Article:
Studies have shown that diet, such as Paleo, high fat vs low-fat diet or Western diet, greatly impacts the gut microbiota composition even more than genetics. Surprisingly, little is known how cooking certain foods might alter the gut microbiota. Since heat changes the chemical and physical properties of foods, researchers wondered if this too affects the gut microbiota.

Head researcher Peter Turnbaugh, PhD from the University of California, San Francisco (USA) and colleagues from various universities in the US, recently published a study in Nature Microbiology that explored how cooked vs raw food consumption affects the gut microbiota composition of humans.

Conducting studies in mice, the authors found that, when compared to normal mouse feed, vegetable diet, as well as meat diet both, induced a shift in microbiome composition. The microbiome of mice fed raw or cooked meat was similar in composition, but the microbiota of mice fed raw and cooked vegetable fundamentally differed from each other. In addition, mice fed raw vegetables lost more weight than cooked-fed mice because consumption of cooked vegetables impacted energy intake due to the greater digestibility of starch from the cooking process. With these results in mind, Turnbaugh and colleagues analyzed the gut microbiota of five healthy women and three healthy men aged 24–40 who ate either raw or cooked plant-based meals for three consecutive days.

The researchers discovered that like mice, the participants showed subtle but distinct differences following eating raw or cooked foods. The shifts observed in the gut microbiota could be due to the fact that cooking changes the physical structure of naturally occurring compounds found in foods. For example, cooking increases the digestibility of starches by gelatinizing starch.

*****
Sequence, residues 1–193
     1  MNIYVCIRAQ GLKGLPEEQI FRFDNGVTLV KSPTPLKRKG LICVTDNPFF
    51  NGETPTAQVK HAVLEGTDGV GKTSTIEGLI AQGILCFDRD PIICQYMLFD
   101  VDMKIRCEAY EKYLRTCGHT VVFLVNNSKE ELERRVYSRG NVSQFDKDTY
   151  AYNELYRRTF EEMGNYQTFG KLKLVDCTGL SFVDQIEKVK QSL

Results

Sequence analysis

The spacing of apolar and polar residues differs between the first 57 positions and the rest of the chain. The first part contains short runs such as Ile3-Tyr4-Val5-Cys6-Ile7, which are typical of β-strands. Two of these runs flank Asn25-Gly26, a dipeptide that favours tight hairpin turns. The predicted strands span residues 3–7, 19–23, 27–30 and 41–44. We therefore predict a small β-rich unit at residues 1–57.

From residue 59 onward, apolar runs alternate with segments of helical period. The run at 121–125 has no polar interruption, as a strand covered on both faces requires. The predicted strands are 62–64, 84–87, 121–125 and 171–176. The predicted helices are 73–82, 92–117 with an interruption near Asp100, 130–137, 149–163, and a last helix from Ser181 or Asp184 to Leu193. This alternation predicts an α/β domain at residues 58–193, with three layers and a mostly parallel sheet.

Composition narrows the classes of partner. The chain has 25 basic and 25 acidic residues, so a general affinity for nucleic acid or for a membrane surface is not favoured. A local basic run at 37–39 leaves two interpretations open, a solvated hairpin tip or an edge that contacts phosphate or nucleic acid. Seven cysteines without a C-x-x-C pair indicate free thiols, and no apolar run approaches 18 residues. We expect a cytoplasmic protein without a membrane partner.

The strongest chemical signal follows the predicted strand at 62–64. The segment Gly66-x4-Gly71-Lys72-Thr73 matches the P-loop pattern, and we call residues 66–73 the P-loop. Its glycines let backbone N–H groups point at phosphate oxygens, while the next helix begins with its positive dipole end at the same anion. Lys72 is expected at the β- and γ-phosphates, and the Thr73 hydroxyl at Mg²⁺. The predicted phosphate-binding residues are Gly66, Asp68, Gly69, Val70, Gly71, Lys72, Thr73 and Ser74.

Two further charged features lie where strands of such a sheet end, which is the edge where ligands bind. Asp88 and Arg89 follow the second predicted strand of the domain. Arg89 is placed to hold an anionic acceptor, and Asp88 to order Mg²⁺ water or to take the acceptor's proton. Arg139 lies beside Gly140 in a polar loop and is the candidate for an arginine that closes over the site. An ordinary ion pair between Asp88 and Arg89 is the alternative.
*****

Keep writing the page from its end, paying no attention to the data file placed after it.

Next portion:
Although the number of participants in this study was small, it sheds light on the importance of controlling cooking method and not just nutrient intake when investigating the diet-gut microbiome connection.

The authors of this study pose the hypothesis that humans could have co-evolved with our gut microbiomes in part due to cooking practices. Despite these findings, more long-term and large scale studies are needed to better understand how cooking foods could potentially affect weight and may pave the way for the development of new therapeutics that targets the gut microbiome.

 

Reference: Carmody RN, Bisanz JE, Bowen BP, et al. Cooking shapes the structure and function of the gut microbiome. Nature Microbiology, 2019. doi: 10.1038/s41564-019-0569-4 https://www.nature.c om/articles/s41564-019-0569-4

Allison Clark
Allison Clark
Allison Clark has a master in nutrition and health from Open University in Barcelona and a master in journalism. She is a freelance writer and nutritionist and has written various peer review papers about the role the gut microbiota plays in health, disease and endurance exercise performance. Allison is passionate about the role diet and the gut microbiota play in health and disease. Follow her on Twitter @Heal_your_Gut